Police in Papua New Guinea's Enga province are today serving a court order on leaders of warring tribes to make them responsible for maintaining a new truce.
At least 20 people have died in election-related violence in Enga since vote counting for the troubled Kandep Open seat began last month. The fighting with high-powered weapons, which has continued since Kandep's seat was declared two weeks ago, has centred on Enga's capital, Wabag.
On Monday, Enga's police commander, George Kakas, led talks with leaders of the tribal factions involved in the fighting, following which they agreed to lay down arms. He says the names of the tribal leaders are listed in a preventative order issued by a local court.
"It's a court-sanctioned order we will serve on the leadership of the three tribes today," he explained.
"If there's any fighting, any problem at all related to this problem, we will round up all the leaders that have been named in the preventive order and have them arrested."
The fighting spiralled last month in a series of gunfire exchanges between supporters of the two main rival candidates for the Kandep seat, long-time incumbent Don Polye and Alfred Manase. The two rivals have squared off several times previously for the Kandep seat, with the spectre of violence between their supporters ever present.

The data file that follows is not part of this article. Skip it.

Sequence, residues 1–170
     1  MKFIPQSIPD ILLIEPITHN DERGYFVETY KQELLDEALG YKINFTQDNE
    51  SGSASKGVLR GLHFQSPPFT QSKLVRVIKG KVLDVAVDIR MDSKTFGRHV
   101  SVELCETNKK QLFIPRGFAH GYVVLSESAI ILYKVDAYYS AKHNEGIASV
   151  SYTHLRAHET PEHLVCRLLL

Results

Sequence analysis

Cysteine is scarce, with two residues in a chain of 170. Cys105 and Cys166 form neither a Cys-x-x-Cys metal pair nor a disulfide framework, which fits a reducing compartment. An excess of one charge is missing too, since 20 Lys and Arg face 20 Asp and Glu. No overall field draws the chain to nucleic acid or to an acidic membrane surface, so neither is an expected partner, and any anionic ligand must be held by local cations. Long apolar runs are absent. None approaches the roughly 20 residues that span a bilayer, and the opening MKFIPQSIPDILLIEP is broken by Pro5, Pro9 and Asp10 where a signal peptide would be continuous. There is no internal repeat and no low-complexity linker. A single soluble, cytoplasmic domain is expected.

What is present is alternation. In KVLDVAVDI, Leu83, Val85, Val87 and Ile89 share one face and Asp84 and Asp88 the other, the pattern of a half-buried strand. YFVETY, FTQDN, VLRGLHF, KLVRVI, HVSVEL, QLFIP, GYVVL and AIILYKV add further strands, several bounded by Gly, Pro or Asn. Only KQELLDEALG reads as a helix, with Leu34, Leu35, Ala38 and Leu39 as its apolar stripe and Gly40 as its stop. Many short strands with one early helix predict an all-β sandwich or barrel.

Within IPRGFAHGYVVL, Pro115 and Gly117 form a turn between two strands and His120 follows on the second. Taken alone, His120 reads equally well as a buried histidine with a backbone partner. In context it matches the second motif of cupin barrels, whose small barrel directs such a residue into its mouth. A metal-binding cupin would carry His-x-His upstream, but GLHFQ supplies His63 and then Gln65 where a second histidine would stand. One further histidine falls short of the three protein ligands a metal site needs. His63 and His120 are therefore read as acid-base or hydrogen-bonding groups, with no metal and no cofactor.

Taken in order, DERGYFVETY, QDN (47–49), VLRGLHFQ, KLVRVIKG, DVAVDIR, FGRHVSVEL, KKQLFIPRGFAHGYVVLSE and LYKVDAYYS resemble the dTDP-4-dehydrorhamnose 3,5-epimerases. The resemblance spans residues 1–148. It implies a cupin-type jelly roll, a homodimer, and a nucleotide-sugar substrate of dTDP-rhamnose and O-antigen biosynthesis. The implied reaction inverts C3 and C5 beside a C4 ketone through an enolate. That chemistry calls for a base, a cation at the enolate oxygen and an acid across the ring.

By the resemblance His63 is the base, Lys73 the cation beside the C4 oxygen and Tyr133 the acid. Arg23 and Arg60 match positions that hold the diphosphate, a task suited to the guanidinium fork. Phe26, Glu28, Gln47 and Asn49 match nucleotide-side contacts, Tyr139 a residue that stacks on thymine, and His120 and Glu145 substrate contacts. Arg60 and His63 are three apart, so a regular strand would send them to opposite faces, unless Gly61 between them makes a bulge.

"The fighting has always been between Don and Alfred. The Kandeps had always been peaceful until those two arrived on the scene," said the police chief.
"Maybe if these two go, we will have a different landscape altogether."
Buffer zone to be enforced
In the latest burst of violence, six people died between last Friday and Monday in fresh fighting involving supporters of Mr Polye.
These supporters, who Mr Kakas said were generally from Kambripi tribe in Kandep, came to Wabag last month for the vote count process. In Wabag they were accommodated by the Kii tribe. The Kii became involved in the latest fighting, against another local tribe, the Kala, who were the target of arson attacks earlier this month after Mr Manase was declared victor of the Kandep seat.
The Kala were targeted because one of their tribesmen is the provincial administrator who Don Polye's supporters blame for irregularities in the vote count. Mr Kakas said any irregularities issues were a matter for the court of disputed returns, and must not be used as an excuse for violence.
In the meantime, the police chief was hopeful that the truce would last, with the combined police and military forces in the area having established a physical buffer between the tribes.
"There's a no-mans land between the two tribes, it's a clear playing field," said Mr Kakas.
"The police and the defence force will be in the middle. They'll be... a hundred or a hundred and fifty metres apart. And we'll be going back and forth, issuing the orders on them."